Good review; I think it's probably the most accurate one about BBs I've read in a long time.
I've been using an antiquated BB 8320 (old Curve) on T-Mo for over 2 years now (since Dec. 2007), and I can say without doubt that RIM really needs to get their "stuff" together when it comes to their BB OS, especially the browser. The BB browser is agonizingly slow! Even the 9700 seems kind-of slow by today's standards (tho it is a big improvement). In fact, the main reason I've been strongly considering getting an Android phone is the BB platform's lack of a decent browser. I know, there are other browsers out there for the BB; I've downloaded Bolt, and it didn't work for me very well (still way too laggy and slow), possibly due to the limitations of my old Curve's hardware (can only support up to BB OS 4.5, but not 5.0).
You're right about BBs being communication devices 1st, and everything else is 2nd or 3rd. I love how my BB notifies me instantly whenever I get some incoming e-mail, or text, or call; notifications just come in without a problem, as long as RIM isn't having a dreaded BB outage, which I won't even get started on!
And the trackball sucks big time, at least on the BBs. I can't even count how many times my Curve's trackball stops rolling and I have to disassemble it and clean it (a toothpick or two works best, so you won't scratch it). And I keep having to pull my transparency off my screen fairly frequently as well, to get all the dust off the screen itself (a thick guitar pick works best for that). It gets so dirty so fast! And my hands don't get that dirty! I probably have to do it at least once or twice a month, which is a pain. I second that emotion on the Nexus One, that it should've had a trackpad (like the BB 9700) rather than the trackball; no moving parts and a lot less maintenance. (Quick question: Does anyone know, how the Nexus One's trackball holds up compared to the BB's? I've heard that they're better but I want to confirm that before I get a Nexus One.)
The keyboard on my old 8320 is great, tho. I actually like the feel of it better than the 9700's. In my search for a newer, better phone, I went to T-Mo and played around with one, but the 9700 had such a small screen (same size as my Curve but way better resolution), and its keyboard just felt a bit too small and cramped for me, especially with my big hands! If RIM would've kept the old Bold 9000's larger form factor (and larger screen), I probably would've gotten one, as it was so much easier to type on. That was the reason I got my old Curve back in 2007, because at that time there was no other keyboard out there that just felt right for me to type on (I typed this on it too). For those who just have to have a physical (hard) keyboard, the Android phones need one that has the same feel and tactile feedback as a BB's. But at the rate new Android phones are coming out now, that will probably happen soon.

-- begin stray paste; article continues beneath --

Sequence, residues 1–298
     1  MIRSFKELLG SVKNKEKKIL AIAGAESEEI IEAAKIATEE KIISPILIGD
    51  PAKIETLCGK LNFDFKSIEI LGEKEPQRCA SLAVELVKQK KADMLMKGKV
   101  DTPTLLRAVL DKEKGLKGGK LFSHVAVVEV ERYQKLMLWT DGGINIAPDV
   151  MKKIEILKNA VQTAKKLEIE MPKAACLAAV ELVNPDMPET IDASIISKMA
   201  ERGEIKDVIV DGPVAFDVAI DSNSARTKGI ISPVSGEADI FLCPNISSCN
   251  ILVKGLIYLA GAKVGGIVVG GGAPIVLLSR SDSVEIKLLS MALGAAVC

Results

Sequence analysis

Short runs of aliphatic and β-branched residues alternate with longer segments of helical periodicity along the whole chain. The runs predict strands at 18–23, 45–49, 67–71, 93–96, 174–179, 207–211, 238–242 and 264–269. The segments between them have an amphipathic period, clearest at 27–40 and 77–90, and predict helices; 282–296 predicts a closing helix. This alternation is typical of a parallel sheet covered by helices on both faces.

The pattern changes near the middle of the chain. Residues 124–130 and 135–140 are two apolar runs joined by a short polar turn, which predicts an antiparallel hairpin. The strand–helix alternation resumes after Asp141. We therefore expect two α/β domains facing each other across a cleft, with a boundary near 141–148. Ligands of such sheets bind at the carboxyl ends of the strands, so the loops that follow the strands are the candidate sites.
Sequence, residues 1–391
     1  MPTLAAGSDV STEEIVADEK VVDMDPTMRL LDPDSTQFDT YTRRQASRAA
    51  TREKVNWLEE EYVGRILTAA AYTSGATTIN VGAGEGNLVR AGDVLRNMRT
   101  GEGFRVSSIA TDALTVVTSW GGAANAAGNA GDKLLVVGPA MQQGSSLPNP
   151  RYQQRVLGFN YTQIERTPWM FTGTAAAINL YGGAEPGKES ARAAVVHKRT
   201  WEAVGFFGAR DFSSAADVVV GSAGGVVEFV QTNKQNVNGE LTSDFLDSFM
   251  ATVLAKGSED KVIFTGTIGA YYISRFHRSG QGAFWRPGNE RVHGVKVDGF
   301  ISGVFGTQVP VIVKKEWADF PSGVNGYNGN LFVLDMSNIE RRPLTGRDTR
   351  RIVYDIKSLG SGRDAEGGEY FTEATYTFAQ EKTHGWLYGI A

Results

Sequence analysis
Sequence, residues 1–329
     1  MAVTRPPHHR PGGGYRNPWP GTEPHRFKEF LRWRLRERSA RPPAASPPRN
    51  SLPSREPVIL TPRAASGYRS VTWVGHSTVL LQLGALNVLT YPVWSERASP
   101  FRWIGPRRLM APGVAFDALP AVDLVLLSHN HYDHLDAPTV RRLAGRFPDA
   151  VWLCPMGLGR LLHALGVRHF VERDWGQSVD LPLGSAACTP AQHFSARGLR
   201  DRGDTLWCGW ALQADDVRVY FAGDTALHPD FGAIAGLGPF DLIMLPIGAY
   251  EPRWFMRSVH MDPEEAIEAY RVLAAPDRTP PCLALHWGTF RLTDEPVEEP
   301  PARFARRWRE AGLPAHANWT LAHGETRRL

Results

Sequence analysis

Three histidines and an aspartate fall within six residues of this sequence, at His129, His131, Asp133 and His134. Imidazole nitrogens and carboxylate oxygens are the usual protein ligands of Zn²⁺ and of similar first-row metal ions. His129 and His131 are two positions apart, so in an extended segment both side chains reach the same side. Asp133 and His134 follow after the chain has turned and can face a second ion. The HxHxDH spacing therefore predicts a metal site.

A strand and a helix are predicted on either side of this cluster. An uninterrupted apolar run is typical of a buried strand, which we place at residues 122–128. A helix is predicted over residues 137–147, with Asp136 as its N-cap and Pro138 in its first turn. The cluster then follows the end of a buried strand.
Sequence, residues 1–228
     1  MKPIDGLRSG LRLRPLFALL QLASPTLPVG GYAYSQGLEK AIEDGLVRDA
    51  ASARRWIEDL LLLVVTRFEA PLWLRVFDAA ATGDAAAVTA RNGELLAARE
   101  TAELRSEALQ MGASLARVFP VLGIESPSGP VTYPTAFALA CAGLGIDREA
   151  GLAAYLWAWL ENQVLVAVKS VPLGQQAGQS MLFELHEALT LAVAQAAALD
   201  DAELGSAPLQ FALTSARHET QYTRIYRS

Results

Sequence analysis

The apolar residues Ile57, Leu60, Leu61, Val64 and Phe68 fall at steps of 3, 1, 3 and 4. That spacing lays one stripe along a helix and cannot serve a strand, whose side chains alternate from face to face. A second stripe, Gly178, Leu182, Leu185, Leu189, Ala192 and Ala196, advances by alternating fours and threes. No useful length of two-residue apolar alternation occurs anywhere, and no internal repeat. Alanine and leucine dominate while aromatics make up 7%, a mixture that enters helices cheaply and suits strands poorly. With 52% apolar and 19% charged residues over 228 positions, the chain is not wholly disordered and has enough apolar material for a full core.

Nowadays, I'm more interested in having a touchscreen, as I love the far greater versatilty and big-finger-friendliness of a landscape-mode onscreen keyboard. The BB Storm 2 is a big step in the right direction on RIM's part, but it's still hindered by their archaic BB OS and browser. And AFAIK, it's only on VZW, which won't work for me.
I've also been wanting an iPhone since they came out, but since it still doesn't look like their exclusivity with AT&T will be ending soon (especially after Apple announced their iPad and its exclusive AT&T 3G plan... big disappointment), now I'm leaning even more toward an Android phone as a worthy successor to my old BB (which I'll still keep as a back-up phone).
I really like the versatility and practically endless customizability of the Android platform, and having an unlocked phone that I can use on whichever network I want, and make truly "my own," with I couldn't really do with my BB or an iPhone.
So, since I'm off contract with T-Mo, I will probably get a Nexus One, as soon as Google/HTC/T-Mo get all the bugs worked out of it and I can afford it.
Sorry for writing a "small book" here; just wanted to relate my long-term overall love/hate experience with the BB platform.
PEACE

Good review; I think it's probably the most accurate one about BBs I've read in a long time.
I've been using an antiquated BB 8320 (old Curve) on T-Mo for over 2 years now (since Dec. 2007), and I can say without doubt that RIM really needs to get their "stuff" together when it comes to their BB OS, especially the browser. The BB browser is agonizingly slow! Even the 9700 seems kind-of slow by today's standards (tho it is a big improvement). In fact, the main reason I've been strongly considering getting an Android phone is the BB platform's lack of a decent browser. I know, there are other browsers out there for the BB; I've downloaded Bolt, and it didn't work for me very well (still way too laggy and slow), possibly due to the limitations of my old Curve's hardware (can only support up to BB OS 4.5, but not 5.0).
You're right about BBs being communication devices 1st, and everything else is 2nd or 3rd. I love how my BB notifies me instantly whenever I get some incoming e-mail, or text, or call; notifications just come in without a problem, as long as RIM isn't having a dreaded BB outage, which I won't even get started on!